It takes a certain kind of bravery to be a three-day eventer at the top levels of the sport. There’s a grit and a toughness one needs to push along the ultra-fit horse required to tackle some of the largest, most unforgiving jumps in the world, down ditches and up banks, at a full gallop.
And then there’s Holly Jacks-Smither, a 32-year-old Canadian four-star eventer, who has proved she can do just that and more. Aside from eventing, in which she took an off-track Thoroughbred to the Land Rover Kentucky Three-Day Event for the second time this year, she also gallops racehorses on the track. She’s married to an English Thoroughbred trainer. And she grew up barrel racing and team penning.
Did I mention she also boxes competitively?
What stands out about Holly when you first meet her is her audacious style. She wore a woven cowboy hat and cowboy boots with a colorful, fringe-adorned dress on her first Kentucky jog. The vibrant cowboy boots and matching jewelry have made numerous appearances in her jogs, which is a loud statement to make among the more common and conservative derby hats, three-piece suits and floral prints.
But the best part about Holly is she doesn’t care about any of that.
Eventing is tough. But it’s a whole other thing to get punched in the face, get back up and keep going.
Building a career on retired racehorses
Holly rode her first horse, given to her at age six, in barrel racing, team penning, show jumping and eventing. It was there that a passion was born to produce a horse from the bottom to the top.
She’s known her current mount, More Inspiration, or Morris as he’s known around the barn, since he was a two-year-old coming off the racetrack. Holly met him as a resale prospect, but took a liking to him. The only problem was she couldn’t afford his $2,000 price tag.
So she convinced her grandfather to use the money he’d set aside as her college fund to buy her a horse instead.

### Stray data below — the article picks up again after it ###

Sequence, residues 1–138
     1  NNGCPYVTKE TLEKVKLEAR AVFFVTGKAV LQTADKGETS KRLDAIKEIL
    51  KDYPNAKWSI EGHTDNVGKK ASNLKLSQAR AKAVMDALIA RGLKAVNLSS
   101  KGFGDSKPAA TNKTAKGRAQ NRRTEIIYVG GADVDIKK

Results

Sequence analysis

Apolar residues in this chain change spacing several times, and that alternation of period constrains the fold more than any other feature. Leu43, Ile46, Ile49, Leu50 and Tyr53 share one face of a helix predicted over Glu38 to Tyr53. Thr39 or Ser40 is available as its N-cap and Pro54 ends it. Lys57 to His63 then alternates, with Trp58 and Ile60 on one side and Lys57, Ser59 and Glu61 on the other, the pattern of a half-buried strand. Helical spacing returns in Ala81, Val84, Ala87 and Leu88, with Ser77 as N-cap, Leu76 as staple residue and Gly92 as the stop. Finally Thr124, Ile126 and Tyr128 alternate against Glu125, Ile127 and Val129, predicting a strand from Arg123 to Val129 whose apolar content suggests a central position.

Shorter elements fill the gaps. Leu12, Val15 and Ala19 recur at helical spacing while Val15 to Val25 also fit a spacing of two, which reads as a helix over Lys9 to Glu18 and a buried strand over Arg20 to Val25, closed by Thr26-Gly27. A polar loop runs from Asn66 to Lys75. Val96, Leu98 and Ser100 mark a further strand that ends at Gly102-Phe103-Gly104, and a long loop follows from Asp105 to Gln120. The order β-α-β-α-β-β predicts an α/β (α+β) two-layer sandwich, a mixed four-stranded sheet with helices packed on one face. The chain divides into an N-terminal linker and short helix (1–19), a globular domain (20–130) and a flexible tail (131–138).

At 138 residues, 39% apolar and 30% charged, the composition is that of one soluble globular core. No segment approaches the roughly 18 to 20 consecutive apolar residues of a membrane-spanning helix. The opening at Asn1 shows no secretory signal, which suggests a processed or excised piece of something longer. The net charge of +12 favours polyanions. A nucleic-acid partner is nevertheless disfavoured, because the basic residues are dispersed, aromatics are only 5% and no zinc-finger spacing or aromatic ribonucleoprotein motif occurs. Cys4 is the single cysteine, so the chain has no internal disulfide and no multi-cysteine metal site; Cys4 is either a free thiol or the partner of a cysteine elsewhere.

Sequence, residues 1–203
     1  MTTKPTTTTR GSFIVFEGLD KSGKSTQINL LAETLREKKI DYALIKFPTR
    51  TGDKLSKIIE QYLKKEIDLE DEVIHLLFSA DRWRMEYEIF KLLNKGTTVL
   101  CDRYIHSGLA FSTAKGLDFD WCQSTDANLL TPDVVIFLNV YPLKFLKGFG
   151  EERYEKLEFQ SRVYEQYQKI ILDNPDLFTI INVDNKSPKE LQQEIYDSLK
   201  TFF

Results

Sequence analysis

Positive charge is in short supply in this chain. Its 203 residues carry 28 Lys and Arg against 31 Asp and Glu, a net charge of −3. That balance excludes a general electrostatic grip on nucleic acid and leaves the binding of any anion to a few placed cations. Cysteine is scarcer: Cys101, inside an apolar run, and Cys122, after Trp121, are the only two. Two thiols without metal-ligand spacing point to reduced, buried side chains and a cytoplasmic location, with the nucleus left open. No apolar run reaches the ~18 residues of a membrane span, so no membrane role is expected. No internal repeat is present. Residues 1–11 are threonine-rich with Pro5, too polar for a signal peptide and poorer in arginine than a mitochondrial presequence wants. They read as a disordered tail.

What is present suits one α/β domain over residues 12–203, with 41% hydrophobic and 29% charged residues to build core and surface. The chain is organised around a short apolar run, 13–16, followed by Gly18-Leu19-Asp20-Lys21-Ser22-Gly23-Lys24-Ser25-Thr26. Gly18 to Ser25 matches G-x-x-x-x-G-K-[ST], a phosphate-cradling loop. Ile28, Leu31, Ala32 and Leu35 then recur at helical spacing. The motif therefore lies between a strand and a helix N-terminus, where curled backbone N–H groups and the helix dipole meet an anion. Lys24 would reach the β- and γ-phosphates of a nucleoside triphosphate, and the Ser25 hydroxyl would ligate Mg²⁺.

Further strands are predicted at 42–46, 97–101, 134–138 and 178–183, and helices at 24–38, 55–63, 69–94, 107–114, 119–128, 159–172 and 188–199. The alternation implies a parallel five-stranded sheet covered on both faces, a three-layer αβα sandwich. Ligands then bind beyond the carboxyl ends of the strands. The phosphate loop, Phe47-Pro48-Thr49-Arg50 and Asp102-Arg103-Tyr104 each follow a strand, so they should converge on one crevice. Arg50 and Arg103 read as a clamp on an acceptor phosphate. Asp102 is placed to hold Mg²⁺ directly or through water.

“At that point we knew I was going to ride horses for the rest of my life and wasn’t going to use it,” Holly explained. “But it meant a lot to me. At the time he was really sick and wanted to help me.”
The original goal with Morris was to train the bay gelding through preliminary, and then sell him for a profit to buy a fancier horse. Holly describes Morris as “your average Thoroughbred” upon first glance, but what changed her mind was his personality.
“He bucks me off all the time,” she admits candidly.
Morris is also swaybacked, which made fitting tack and developing his body more difficult.
“He has to work a lot harder than the average horse because of the way he’s built,” Holly said. But still, he manages because he loves his job, she says.
Her coach, Buck Davidson, has been a tremendous force in preparing the pair for a career at the four-star level. Holly represented her country at the FEI Nations Cup in Aachen in 2015. Her dream, she says, is to make it to the Olympics one day.
“He’s so good at figuring out my weaknesses,” Holly says of Buck. “And he makes me practice them over and over so I’m prepared.”
But when you ask Holly about her goals, she shrugs and smiles, as if saying, “we’ll see what’s next.”
“I never thought I would get to a four-star. I always thought that wasn’t for people like me,” Holly admits. “I didn’t go to Young Riders. But Morris, when I got him, he made my decision to go to a four-star.”
Toughness in and out of the saddle
Holly married Bruce Smither, a racehorse trainer hailing from England, after meeting in 2008. They’ve since intertwined their businesses and lives, and operate a training farm in Ocala, Fla. They cater to multiple disciplines with their training, racing, and horse breaking skills.
Holly’s step-son, Mark Smither, is the one who introduced her to boxing.
“He’s a champion,” she says proudly. After taking a kickboxing class, Holly realized she had a knack for punching stuff, too. It helped that she had someone in the family to train her.
I never thought I would get to a four-star. I always thought that wasn’t for people like me.
“I’m highly competitive. I don’t just do things for fun,” Holly admits. So naturally, she’s trained hard enough to win some Golden Glove boxing matches, even though she says her whole heart still lies in the horses. “It’s awesome,” she says about boxing, and winning.
“What I like about boxing is there’s no one else to fault but myself if I don’t win. It’s all on you,” as opposed to riding, in which she views her horse as her full partner.
She hasn’t been to the boxing gym for a while, given her rigorous daily riding schedule. Plus her and her husband are expanding their business on the new farm. But she says she’ll be putting the red gloves back on soon.
When asked which is harder, eventing or boxing, Holly takes a minute to consider it.
“Eventing is tough. But it’s a whole other thing to get punched in the face, get back up and keep going.”